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Left Hand Hendrix Style (thumb over chording)

Discussion in 'Playing and Technique' started by Sunstone Recordings, Oct 4, 2006.

  1. Sunstone Recordings

    Sunstone Recordings Member

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    I've been using this technique for a while and it's brilliant for rhythms and quick riffs, but I'm slow when it comes to extensive leads. I use the thumb over for leverage when bending/vibrato, but what are some exercises to help me become less dependant on this style? I'd love to continue using it, but for appropriate situations... or is this just one of those things where I should keep practicing?
     
  2. Secret Ingredient

    Secret Ingredient Member

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    Eric Johnson uses his thumb extensively to fret E string notes when skipping strings from the other side of the fretboard. It sounds fantastic for him. I have small hands and have a hard time doing the technique very well. Then again, I have a hard time doing anything on the guitar well!!

    I saw a guitar magazine recently with Jimi on the cover (wow, surprise). He had big mitts. Makes that technique a little easier I think. I'd say if you like the effect then keep with it. It's useful.
     
  3. Sunstone Recordings

    Sunstone Recordings Member

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    yeah, I first got into it back in highschool when I was getting into Frusciante, then I watched the woodstock DVD and saw Jimi rockin it. I have big hands, so its very easy for me to do. I love the feel, and my strat has a nice chunky neck so it fits my palm very well. I'll just keep at it! Anyone else use this style?
     
  4. slhguitar

    slhguitar Member

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    I've tried, but my SG has a big neck, and my hands aren't nearly big enough. I can only reach the first and second string when I have my thumb on the sixth string. FWIW John Mayer also employs this technique, and his hands are also quite large.
     
  5. Texas_Blues

    Texas_Blues Member

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    Yea I use it also for nice jangly chords and for some country blues finger pickin' Love it.
     
  6. MikeP

    MikeP Member

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    your lucky you can do it at all.
    I have been trying for years on & off but to no avail :(
    Either my hands are too small or my thumb just does not work like most ;)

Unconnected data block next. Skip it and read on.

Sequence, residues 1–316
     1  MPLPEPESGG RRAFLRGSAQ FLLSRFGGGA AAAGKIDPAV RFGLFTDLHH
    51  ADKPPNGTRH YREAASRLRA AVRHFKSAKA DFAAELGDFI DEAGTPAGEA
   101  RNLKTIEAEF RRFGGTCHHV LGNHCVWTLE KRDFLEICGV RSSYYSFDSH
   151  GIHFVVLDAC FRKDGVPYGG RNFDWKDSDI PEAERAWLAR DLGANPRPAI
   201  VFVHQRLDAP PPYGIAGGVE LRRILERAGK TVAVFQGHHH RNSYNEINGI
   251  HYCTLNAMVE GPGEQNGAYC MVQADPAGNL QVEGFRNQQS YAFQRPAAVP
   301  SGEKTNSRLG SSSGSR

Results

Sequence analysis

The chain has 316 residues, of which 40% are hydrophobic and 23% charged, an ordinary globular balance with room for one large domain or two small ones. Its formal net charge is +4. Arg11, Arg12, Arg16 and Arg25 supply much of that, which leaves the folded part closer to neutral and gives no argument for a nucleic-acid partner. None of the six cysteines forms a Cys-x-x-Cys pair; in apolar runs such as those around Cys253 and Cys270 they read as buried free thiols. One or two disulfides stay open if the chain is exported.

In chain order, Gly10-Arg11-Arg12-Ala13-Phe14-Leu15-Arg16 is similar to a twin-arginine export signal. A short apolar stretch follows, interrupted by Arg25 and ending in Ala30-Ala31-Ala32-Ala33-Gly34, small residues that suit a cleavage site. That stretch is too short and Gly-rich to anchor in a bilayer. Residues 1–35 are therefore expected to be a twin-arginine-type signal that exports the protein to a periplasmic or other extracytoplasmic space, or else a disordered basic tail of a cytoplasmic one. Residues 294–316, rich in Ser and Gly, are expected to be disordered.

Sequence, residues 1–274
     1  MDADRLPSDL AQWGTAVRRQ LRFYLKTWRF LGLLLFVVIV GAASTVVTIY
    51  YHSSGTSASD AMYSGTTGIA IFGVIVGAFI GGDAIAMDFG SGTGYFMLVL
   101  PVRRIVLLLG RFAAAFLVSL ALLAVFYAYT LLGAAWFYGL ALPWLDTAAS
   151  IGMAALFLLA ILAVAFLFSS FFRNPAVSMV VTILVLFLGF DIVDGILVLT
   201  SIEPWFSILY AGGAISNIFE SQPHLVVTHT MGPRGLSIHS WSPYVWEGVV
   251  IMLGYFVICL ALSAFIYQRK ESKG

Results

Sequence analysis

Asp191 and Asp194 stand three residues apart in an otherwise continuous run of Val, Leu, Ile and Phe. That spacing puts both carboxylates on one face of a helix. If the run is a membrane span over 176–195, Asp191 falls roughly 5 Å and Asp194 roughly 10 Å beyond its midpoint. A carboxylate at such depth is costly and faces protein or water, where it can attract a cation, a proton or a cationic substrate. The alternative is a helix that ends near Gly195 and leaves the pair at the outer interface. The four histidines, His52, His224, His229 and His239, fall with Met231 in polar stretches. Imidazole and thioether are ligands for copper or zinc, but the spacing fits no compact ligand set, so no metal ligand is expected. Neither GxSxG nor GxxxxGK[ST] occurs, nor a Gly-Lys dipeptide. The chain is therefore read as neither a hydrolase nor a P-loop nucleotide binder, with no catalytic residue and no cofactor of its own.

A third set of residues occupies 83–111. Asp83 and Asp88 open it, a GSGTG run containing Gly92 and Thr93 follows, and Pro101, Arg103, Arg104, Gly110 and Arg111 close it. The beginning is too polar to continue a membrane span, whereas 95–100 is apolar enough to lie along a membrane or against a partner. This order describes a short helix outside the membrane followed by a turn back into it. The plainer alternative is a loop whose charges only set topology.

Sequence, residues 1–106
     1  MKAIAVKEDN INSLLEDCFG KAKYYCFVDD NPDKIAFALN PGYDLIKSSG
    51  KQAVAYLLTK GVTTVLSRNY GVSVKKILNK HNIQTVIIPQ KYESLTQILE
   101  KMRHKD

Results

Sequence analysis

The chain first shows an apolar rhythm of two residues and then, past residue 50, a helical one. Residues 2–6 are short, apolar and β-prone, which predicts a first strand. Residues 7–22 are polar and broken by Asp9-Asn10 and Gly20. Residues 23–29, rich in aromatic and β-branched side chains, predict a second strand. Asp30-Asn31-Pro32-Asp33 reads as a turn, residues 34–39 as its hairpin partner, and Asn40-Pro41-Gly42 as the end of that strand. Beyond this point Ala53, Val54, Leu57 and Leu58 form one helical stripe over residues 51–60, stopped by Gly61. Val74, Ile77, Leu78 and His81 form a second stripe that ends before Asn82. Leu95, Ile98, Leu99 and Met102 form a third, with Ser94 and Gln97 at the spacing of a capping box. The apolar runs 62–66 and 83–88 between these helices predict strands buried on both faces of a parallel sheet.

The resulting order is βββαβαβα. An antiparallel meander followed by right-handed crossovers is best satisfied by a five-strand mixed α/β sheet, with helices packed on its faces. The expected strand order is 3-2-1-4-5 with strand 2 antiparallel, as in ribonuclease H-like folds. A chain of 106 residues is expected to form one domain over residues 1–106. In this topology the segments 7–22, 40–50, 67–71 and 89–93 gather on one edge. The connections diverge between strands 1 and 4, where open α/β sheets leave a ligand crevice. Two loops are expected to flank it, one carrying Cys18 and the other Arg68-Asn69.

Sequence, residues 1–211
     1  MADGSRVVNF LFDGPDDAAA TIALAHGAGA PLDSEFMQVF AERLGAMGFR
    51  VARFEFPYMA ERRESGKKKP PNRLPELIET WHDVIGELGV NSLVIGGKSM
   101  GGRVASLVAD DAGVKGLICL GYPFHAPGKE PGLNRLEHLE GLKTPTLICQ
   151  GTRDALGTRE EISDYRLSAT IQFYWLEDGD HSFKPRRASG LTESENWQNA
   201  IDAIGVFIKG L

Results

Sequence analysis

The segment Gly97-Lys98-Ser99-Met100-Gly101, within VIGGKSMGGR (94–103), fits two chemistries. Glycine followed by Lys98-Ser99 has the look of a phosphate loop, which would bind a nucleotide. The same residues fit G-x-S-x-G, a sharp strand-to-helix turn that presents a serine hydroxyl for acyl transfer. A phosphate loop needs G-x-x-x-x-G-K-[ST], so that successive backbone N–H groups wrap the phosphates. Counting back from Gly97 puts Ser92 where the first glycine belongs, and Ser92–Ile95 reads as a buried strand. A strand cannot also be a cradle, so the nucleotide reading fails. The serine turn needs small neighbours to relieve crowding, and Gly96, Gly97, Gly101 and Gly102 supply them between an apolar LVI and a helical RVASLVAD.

7. SlinkyMan

    SlinkyMan Member

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    I often employ this technique, and quite easily because I have large hands. It does take a bit of practice to sound great though.
     
  8. ChickenLover

    ChickenLover Member

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    It takes some getting used to. One thing that helps is changing the angle of your forearm to the neck. If you think of your forearm as typically perpindicular to the neck of the guitar...change it such that your forearm is more parallel (or closer to it). Also, instead of having your wrist 'underneath' the neck, put your wrist more behind the neck. In other words, grab the neck more like you would a gold club or baseball bat. That helped me get started (watching SRV or Bonamassa helped me more than watching Jimi or EJ, it's easier for me to do it more like SRV/Bonamassa do it).
     
  9. willhutch

    willhutch Supporting Member

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    I say use the thumb. Why not make use of the extra digit? The original post mentioned that using the thumb was great for chording, but made it tough to do extensive leads.

    Any choice of technique makes certain things easy and makes certain other things more difficult. I use my thumb to finger notes on the 6th string frequently when chording. The thumb around the top is also an anchor for bending and digging into single note phrases. But I don't keep it wrapped around the neck all the time. If I want to access 3-note-per-string patterns, for instance, my thumb will drifts toward the middle of the neck.

    My advice is to use the thumb-over approach when it is helpful and use a different approach when needed.
     
  10. Tonefish

    Tonefish Member

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    I've been curious about how he's using his thumb. Is he using it on more than the 6th string? Does he get down to notes on the 5th and 4th string? I noticed on a video that he uses it for muting a lot, maybe even half barres.

    Because all my early guitar training (since I was 8 years old) was classical, I fought to not "corrupt" my left hand technique, but it is nearly impossible to play some of the great modern songs without adopting these other techniques. Its a great horizon expansion thing now !!

    I can handle the 6th string stuff but it's tough below that. I appreciate the ChickenLover points about holding the neck different. That helped a lot.
     
  11. Secret Ingredient

    Secret Ingredient Member